When "Percy Jackson and the Lightning Thief" came out in 2010, it was met with angry fans and disappointed critics. Moviegoers were upset that the story veered from the bestselling novel by author Rick Riordan, and critics deemed the Christopher Columbus-directed film a "Harry Potter" knock-off.
Yet the special-effects-laden movie, which stars Logan Lerman as the eponymous Percy, a young boy who discovers he's the son of the Greek god Poseidon, went on to make $226 million worldwide for 20th Century Fox, with the majority of its grosses coming from overseas.
It was profitable enough, with a loyal enough fan base, that the studio decided to embark on a sequel, but not before it made some key changes, specifically hiring "Diary of a Wimpy Kid" director Thor Freudenthal to revisit the world of Camp Half-Blood — a director who would employ a lighter touch and a more faithful adaptation to the second book in the series, "Percy Jackson and the Sea of Monsters." The film opens Wednesday.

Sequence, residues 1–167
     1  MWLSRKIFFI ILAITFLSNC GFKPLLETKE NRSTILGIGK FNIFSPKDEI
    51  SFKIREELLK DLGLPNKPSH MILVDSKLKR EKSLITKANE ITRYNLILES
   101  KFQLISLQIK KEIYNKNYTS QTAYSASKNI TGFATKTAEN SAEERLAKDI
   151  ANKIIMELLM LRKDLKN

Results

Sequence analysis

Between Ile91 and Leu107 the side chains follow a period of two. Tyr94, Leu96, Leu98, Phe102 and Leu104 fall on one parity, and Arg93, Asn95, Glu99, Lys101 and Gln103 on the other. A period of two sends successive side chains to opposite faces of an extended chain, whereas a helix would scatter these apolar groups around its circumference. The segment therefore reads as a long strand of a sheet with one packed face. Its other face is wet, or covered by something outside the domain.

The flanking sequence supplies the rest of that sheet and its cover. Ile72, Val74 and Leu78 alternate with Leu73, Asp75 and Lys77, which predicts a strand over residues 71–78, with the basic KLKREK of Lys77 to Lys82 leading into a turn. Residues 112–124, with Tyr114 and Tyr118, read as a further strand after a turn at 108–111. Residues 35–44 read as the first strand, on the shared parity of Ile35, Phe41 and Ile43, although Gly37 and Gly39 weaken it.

"Tonally, Thor is much different than Chris Columbus as a filmmaker," said Lerman, 21, who has gained more of a following from his starring role in the breakout 2012 indie "The Perks of Being a Wallflower." "His tone is definitely what fans of the book will want to see more. I met a lot of people and some of them were disappointed with the tone of the first one and what it was trying to be. This one is bringing it back to the humor that's in the book."
The Percy Jackson series, which started in 2005 and has sold 33 million books, is rife with teenagers in peril. It centers on a group of young half-bloods (half human/half gods) who have been abandoned by their immortal parents, forced to navigate adolescence on their own.
Yet Riordan cuts much of the danger in the story lines with a wry sense of humor and cheeky commentary. For example, his protagonist's half-blood status is the reason he is dyslexic and diagnosed with ADHD. Some sample chapter titles in the "Sea of Monsters" include "I Play Dodgeball With Cannibals" and "I Have the Worst Family Reunion Ever."